Trading companies: customer experience and Artificial Intelligence

As a transitional sector, dealers are challenged to rethink their business models and adapt to a generation of customers that is pampered by GAFA (Google, Amazon, Facebook, Apple). Analyses based on AI (Artificial Intelligence) help to sustainably improve not only the digital but also the physical shopping experience.

The German financial portal Boerse.de announced in late November that Amazon boss Jeff Bezos had replaced Bill Gates at the top of the billionaire rankings – with a fortune of one hundred billion dollars. The reason for publishing this was that the share price had reached the 1,000 Euro mark for the first time. This clearly sets the direction for all trading companies. To prosper in the shadow of the technology giant, one should deploy the resource that has made GAFA (Google, Amazon, Facebook, Apple) what it is today: the intelligent analysis of Big Data.

Artificial Intelligence: Opportunity recognised, but the strategy is still missing
Across all sectors, there is now widespread acceptance of AI (Artificial Intelligence) as an approach to drawing meaningful conclusions from data. For example, a recent survey of 3,000 decision makers by BCG (Boston Consulting Group) revealed that 84 percent expect valuable competitive advantages from AI. Three quarters of the participants expect to open up new business areas involving AI. However, not even 40 percent of companies possess an AI strategy. Less than a quarter are in the pilot phase and just five percent use this type of data analysis intensively.

This is disastrous for trading companies. For example, John Morell of Datameer recommends using Big Data to improve planning and decision-making in order to develop a deeper understanding of the customer and to discover trends that open up new business opportunities. Analysis of customer behaviour is the prerequisite for all activities that improve the customer journey – for example in the form of truly individualised offers. It provides the necessary information not only to increase conversion rates, but also to increase sales and reduce churn rates and acquisition costs.

Big Data in the stationary trade
Many dealers already analyse structured and unstructured data generated by business software across the various distribution channels. The primary use of these insights is to optimise online sales. But AI analysis can do more! It provides traders with important information on how customers rate the merchandise in the store, and even allows them to personalise the store’s shopping experience. According to John Morell, this means data generated by the POS system and sensors is used in the business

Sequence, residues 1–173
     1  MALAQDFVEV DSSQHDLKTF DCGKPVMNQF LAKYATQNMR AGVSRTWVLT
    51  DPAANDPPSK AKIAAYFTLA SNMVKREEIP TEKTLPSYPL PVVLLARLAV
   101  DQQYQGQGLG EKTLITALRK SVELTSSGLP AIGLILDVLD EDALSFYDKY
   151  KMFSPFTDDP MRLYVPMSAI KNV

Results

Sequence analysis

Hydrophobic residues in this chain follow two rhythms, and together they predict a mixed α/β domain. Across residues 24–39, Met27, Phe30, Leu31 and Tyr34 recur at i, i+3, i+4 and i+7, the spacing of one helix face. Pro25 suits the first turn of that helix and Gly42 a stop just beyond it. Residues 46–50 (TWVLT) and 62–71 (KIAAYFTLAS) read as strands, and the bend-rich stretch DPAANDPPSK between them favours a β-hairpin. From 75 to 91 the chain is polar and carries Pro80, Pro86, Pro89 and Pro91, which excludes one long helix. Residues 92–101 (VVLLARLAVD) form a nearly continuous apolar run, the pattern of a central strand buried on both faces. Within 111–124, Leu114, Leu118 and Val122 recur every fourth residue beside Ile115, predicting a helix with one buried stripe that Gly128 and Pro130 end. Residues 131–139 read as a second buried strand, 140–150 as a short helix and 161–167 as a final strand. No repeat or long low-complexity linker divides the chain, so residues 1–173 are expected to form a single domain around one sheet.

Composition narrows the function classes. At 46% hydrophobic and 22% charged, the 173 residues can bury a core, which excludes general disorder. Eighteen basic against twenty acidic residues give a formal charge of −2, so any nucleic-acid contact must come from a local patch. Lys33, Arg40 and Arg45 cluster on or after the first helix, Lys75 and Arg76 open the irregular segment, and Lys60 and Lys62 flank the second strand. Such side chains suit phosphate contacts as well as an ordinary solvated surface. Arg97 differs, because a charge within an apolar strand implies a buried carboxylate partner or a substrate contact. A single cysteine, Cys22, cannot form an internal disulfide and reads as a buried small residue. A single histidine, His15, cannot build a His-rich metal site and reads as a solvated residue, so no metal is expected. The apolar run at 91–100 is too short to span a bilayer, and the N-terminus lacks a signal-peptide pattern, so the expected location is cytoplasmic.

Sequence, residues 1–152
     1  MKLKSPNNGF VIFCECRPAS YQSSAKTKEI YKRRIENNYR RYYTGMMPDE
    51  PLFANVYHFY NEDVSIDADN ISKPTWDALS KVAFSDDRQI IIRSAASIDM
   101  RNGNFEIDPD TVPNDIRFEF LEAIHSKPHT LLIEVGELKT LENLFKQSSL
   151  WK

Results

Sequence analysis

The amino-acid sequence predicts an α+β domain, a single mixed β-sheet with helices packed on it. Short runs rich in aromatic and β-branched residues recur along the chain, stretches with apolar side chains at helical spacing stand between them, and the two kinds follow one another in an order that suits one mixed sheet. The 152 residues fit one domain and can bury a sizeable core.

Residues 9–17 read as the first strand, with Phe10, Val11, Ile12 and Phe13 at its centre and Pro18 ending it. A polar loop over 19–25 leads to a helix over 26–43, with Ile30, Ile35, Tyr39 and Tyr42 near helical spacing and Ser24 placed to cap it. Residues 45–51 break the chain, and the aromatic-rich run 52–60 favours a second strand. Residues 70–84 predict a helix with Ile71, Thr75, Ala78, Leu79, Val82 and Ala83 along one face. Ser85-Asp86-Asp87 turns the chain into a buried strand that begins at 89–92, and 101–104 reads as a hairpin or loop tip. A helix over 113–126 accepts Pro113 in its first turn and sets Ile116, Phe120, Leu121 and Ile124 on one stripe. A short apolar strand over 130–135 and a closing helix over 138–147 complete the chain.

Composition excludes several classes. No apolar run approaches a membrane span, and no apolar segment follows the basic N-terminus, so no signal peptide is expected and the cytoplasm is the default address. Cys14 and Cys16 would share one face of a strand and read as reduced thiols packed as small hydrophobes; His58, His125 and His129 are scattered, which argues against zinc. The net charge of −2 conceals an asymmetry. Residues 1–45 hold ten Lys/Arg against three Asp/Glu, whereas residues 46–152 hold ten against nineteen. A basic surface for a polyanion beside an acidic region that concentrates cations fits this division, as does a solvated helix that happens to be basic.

• to test and quantify the impact of different marketing and promotion tactics on customer behaviour and on sales
• to use the buying and surfing history to get to know customers better and to address them individually
• to observe their behaviour at point-of-sale and to encourage them – irrespectively of the channel – to make their purchase so promptly that the revenue remains in the own business.

The interaction accounts for a much larger share of customer activity the actual transaction. It is therefore all the more important to realise the value of various interactions, for example in the social networks which hold a great store of knowledge about the customer and provide deep insights! Beyond their individual needs, a common factor of today’s digitally native customers is to expect consistent information and a seamless shopping experience across channels. They take it for granted to be addressed as individuals along with their history, their preferences and interests. Customer experience is becoming the decisive success factor for sales and customer loyalty.

Questions for a far-reaching optimisation of the customer experience
In a large-scale cross-industry study of more than 40 companies, many of the participants said they were currently putting a lot of effort into digitising the customer experience. Data analysis plays an important role in increasing customer engagement. By taking a holistic approach to the customer experience, one can address every element and recognise a number of approaches to deepen customer knowledge:
• How does the customer get to know the company and what is he looking for?
• How and what and when does he buy?
• How do discounts affect the purchase decision?
• What should be considered regarding the invoicing and payment processes?
• What support will the customer expect post-purchase and what services can be offered?

If we succeed in finding company-specific answers to these questions, retailers will be better able to integrate digital and physical elements into an end-to-end comprehensive customer experience. “A prudent question,” Sir Francis Bacon has been quoted, “is one half of wisdom.” I like to start the New Year with questions. After all, what better way of supporting trading companies in successfully addressing customers than searching for answers?

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